[Rd] A few suggestions and perspectives from a PhD student

Hilmar Berger berger at mpiib-berlin.mpg.de
Tue May 9 12:31:38 CEST 2017

On 09/05/17 11:22, Joris Meys wrote:
> On Tue, May 9, 2017 at 9:47 AM, Hilmar Berger 
> <berger at mpiib-berlin.mpg.de <mailto:berger at mpiib-berlin.mpg.de>> wrote:
>     Hi,
>     On 08/05/17 16:37, Ista Zahn wrote:
>         One of the key strengths of R is that packages are not akin to
>         "fan
>         created mods". They are a central and necessary part of the R
>         system.
>     I would tend to disagree here. R packages are in their majority
>     not maintained by the core R developers. Concepts, features and
>     lifetime depend mainly on the maintainers of the package (even
>     though in theory GPL will allow to somebody to take over anytime).
>     Several packages that are critical for processing big data and
>     providing "modern" visualizations introduce concepts quite
>     different from the legacy S/R language. I do feel that in a way,
>     current core R shows strongly its origin in S, while modern
>     concepts (e.g. data.table, dplyr, ggplot, ...) are often only
>     available via extension packages. This is fine if one considers R
>     to be a statistical toolkit; as a programming language, however,
>     it introduces inconsistencies and uncertainties which could be
>     avoided if some of the "modern" parts (including language
>     concepts) could be more integrated in core-R.
>     Best regards,
>     Hilmar
> And I would tend to disagree here. R is build upon the paradigm of a 
> functional programming language, and falls in the same group as 
> clojure, haskell and the likes. It is a turing complete programming 
> language on its own. That's quite a bit more than "a statistical 
> toolkit". You can say that about eg the macro language of SPSS, but 
> not about R.
My point was that inconsistencies are harder to tolerate when using R as 
a programming language as opposed to a toolkit that just has to do a job.
> Second, there's little "modern" about the ideas behind the tidyverse. 
> Piping is about as old as unix itself. The grammar of graphics, on 
> which ggplot is based, stems from the SYStat graphics system from the 
> nineties. Hadley and colleagues did (and do) a great job implementing 
> these ideas in R, but the ideas do have a respectable age.
Those ideas seem still to be more modern than e.g. stock R graphics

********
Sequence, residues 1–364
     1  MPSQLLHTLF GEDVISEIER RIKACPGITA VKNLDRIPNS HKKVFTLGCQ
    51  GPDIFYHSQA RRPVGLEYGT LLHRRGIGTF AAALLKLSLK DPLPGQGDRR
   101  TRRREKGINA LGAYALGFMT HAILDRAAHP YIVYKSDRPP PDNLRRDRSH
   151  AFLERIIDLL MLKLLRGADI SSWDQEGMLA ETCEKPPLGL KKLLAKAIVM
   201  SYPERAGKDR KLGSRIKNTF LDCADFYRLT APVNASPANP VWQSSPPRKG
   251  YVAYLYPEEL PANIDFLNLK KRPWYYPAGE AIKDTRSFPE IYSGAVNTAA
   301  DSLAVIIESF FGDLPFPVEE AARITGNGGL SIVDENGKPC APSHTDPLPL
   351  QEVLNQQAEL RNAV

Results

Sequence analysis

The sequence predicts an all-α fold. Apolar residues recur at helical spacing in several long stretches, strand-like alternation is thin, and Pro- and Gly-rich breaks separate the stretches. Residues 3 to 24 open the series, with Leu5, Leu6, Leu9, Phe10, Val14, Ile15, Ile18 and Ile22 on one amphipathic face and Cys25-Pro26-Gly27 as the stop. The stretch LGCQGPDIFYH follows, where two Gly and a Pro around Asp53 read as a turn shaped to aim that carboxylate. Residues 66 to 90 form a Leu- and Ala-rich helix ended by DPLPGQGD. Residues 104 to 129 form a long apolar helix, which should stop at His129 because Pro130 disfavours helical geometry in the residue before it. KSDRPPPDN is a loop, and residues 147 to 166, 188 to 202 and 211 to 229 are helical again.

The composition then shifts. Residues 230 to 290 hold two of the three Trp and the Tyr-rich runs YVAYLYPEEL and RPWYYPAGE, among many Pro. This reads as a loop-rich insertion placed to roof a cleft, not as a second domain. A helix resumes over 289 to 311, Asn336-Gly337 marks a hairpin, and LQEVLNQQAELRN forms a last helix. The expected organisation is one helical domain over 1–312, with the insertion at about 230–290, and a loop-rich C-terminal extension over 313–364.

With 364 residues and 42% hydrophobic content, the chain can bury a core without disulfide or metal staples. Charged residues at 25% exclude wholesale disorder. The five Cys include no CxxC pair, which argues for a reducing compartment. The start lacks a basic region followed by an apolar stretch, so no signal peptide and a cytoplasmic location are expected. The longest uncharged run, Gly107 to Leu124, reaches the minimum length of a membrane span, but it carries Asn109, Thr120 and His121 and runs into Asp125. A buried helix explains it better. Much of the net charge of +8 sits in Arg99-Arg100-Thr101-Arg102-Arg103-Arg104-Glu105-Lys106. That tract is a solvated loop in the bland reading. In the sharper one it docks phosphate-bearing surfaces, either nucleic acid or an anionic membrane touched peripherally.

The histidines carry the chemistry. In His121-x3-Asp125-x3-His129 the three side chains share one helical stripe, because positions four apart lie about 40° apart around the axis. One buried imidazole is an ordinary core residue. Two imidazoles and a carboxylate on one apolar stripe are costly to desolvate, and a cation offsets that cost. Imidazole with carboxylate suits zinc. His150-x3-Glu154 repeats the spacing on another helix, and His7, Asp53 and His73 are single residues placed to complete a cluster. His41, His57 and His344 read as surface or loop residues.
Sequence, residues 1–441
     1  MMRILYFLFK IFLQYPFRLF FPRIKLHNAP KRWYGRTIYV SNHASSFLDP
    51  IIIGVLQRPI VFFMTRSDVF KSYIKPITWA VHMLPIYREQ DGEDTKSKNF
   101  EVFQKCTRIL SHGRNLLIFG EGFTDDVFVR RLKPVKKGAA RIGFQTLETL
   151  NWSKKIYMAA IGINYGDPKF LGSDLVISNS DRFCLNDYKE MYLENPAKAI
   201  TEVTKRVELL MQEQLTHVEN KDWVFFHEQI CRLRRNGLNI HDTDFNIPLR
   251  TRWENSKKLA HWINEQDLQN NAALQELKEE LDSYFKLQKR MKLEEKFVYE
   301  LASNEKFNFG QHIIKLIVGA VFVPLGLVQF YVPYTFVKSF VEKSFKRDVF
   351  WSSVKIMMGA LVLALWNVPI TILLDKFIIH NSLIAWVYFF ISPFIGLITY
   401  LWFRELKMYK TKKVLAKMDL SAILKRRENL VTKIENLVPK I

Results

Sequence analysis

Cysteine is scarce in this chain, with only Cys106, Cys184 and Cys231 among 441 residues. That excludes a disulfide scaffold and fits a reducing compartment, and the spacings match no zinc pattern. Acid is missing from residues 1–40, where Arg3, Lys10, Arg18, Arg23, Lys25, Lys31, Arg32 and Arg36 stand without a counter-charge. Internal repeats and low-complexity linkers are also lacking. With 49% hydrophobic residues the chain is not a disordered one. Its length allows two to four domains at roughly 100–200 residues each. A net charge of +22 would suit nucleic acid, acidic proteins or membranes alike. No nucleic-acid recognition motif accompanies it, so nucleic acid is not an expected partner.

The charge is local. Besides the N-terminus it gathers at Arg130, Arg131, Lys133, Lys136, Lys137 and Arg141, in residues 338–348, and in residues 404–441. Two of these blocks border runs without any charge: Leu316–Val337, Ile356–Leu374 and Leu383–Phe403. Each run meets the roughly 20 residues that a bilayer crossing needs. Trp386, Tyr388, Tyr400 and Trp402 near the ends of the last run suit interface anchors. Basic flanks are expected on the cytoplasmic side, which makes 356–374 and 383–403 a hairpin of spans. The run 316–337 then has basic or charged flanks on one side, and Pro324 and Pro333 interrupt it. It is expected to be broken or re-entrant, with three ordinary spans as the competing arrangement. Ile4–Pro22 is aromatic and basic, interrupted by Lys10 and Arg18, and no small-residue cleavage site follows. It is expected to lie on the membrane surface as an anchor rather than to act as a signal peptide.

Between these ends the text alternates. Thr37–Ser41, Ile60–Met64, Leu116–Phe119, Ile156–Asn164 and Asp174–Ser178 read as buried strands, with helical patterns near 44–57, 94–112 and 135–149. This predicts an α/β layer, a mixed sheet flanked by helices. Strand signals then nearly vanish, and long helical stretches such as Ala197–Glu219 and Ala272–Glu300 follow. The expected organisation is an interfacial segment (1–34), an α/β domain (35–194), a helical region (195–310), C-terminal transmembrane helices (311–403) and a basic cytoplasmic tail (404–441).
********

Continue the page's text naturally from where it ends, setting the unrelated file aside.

designed probably in the seventies or eighties. Which still do their job 
for lots and lots of applications, however, the fact that many newer 
packages use ggplot in stead of plot() forces users to learn and use 
different paradigms for things so simple as drawing a line.

I also would like to make clear that I do not advocate for including the 
whole tidyverse in core R. I just believe that having core concepts well 
supported in core R instead of implemented in a package might make 
things more consistent. E.g. method chaining ("%>%") is a core language 
feature in many languages.
> The one thing I would like to see though, is the adaptation of the 
> statistical toolkit so that it can work with data.table and tibble 
> objects directly, as opposed to having to convert to a data.frame once 
> you start building the models. And I believe that eventually there 
> will be a replacement for the data.frame that increases R's 
> performance and lessens its burden on the memory.
Which is a perfect example of what I mean: improved functionality should 
find their way into core R at some time point, replacing or extending 
outdated functionality. Otherwise, I don't know how hard it will be to 
develop 21st century methods on top of a 1980s/90s language core. 
Although I admit that the R developers are doing a great job to make it 


> So all in all, I do admire the tidyverse and how it speeds up data 
> preparation for analysis. But tidyverse is a powerful data toolkit, 
> not a programming language. And it won't make R a programming language 
> either. Because R is already.
> Cheers
> Joris
>     -- 
>     Dr. Hilmar Berger, MD
>     Max Planck Institute for Infection Biology
>     Charitéplatz 1
>     D-10117 Berlin
>     Phone: + 49 30 28460 430 <tel:%2B%2049%2030%2028460%20430>
>     Fax: + 49 30 28460 401 <tel:%2B%2049%2030%2028460%20401>
>      E-Mail: berger at mpiib-berlin.mpg.de
>     <mailto:berger at mpiib-berlin.mpg.de>
>     Web   : www.mpiib-berlin.mpg.de <http://www.mpiib-berlin.mpg.de>
>     ______________________________________________
>     R-devel at r-project.org <mailto:R-devel at r-project.org> mailing list
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> -- 
> Joris Meys
> Statistical consultant
> Ghent University
> Faculty of Bioscience Engineering
> Department of Mathematical Modelling, Statistics and Bio-Informatics
> tel :  +32 (0)9 264 61 79
> Joris.Meys at Ugent.be
> -------------------------------
> Disclaimer : http://helpdesk.ugent.be/e-maildisclaimer.php

Dr. Hilmar Berger, MD
Max Planck Institute for Infection Biology
Charitéplatz 1
D-10117 Berlin

Phone:  + 49 30 28460 430
Fax:    + 49 30 28460 401
E-Mail: berger at mpiib-berlin.mpg.de
Web   : www.mpiib-berlin.mpg.de

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